Farm Minerals is starting its journey off with a bit of good old-fashioned stunt advertising: It’s giving away the first million acres’ worth of its synthetic fertilizer for free. “They’re basically doing it as a sort of flex,” said Dang. “It’s just so incredibly cheap to make.”

Electron microscope image of the high-surface-area structure of the mineral additive.
Image Credits: Farm Minerals

Fertilizer is a huge expense for farming and you need tons of it to cover a good-size field. But ultimately crops need only a small amount of the minerals in it — so Farm Minerals is encapsulating those minerals in a special super-bioavailable carbon casing. They say that 160 grams of it is enough for — checks notes — 2 million hectares?!

“As a scientist, I was like, no fucking way this works,” Dang said after I offered a similarly blue appraisal. But they looked into it and apparently it does. Also, that means they’re giving away about a cereal bowl’s worth of product for the stunt. Suddenly that part doesn’t seem so wild. That jug in the image above is probably enough to cover the whole country. We’ll follow up with the company soon to see about independent validation of these claims.

Image Credits: Transition Biomining

Transition Biomining may be the most sci-fi of the companies, trying, as they describe it, “to squeeze life out of a rock.” The issue is this: Only a certain amount of the minerals in raw ore can be easily collected through the physical and chemical processes (already quite extreme and caustic) currently used. What’s better than getting 95% of the copper out of five gigatons of ore? Getting 98% of it. (I’m inventing these numbers.) And if Transition’s method works, someone else will be doing the work: microbes.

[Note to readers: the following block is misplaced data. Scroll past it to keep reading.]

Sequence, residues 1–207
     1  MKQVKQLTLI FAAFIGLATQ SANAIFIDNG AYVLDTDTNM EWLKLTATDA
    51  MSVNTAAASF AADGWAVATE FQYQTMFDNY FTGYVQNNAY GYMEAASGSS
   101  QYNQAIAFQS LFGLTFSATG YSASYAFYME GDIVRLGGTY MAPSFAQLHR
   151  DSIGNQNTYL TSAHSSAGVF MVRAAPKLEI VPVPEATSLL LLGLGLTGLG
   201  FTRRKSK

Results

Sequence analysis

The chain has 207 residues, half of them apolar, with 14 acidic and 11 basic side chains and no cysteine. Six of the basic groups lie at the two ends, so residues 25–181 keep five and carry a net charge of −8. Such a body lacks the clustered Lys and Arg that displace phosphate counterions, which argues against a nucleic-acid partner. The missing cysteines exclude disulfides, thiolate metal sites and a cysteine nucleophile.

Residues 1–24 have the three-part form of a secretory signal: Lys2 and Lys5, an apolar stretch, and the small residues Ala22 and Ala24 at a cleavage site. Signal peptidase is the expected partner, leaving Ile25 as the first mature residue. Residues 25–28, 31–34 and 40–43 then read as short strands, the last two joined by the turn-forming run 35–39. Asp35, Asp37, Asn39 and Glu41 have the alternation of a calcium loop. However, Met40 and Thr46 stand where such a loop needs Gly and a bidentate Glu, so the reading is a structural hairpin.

The company aims to test and understand the microbiome of the rock — that is, the unique set of microbes living in and around it — and modify it so that minerals are being extracted by those microbes just doing their thing. It won’t replace the acid baths and other traditional methods, but it might help make mines more efficient.

There are plenty more in the batch. Here’s a brief rundown of the others:

  • Able Sciences: Self-amplifying RNA that lowers the cost of cell therapy.
  • Bryosphere: Treatment for age spots made in a moss cell reactor.
  • Hypercell: Simple, fast food safety testing for industrial packing facilities.
  • Nutrition From Water: Low-carbon whey sourced from aquaculture.
  • SpiralWave: Plug-and-play cold plasma methanol reactor.
  • Reactosome: Gene delivery via a supplementary nucleus (!).
  • Rybodyn: Finds and characterizes unknown proteins from the “dark proteome.”
  • California Organic: Organic ammonia supplier via fermentation.
  • Cereswaves: “Electrofertilizer” that boosts crop and animal growth with energy field (?).
  • Oxyle: Mechanical(ish) PFA removal from ground and waste water.

We’ll want to follow up with these companies as they share more about their progress toward these sometimes mad-sounding ambitions. The San Francisco–based incubator’s demo day will be in June, at which time the companies may have more information to share.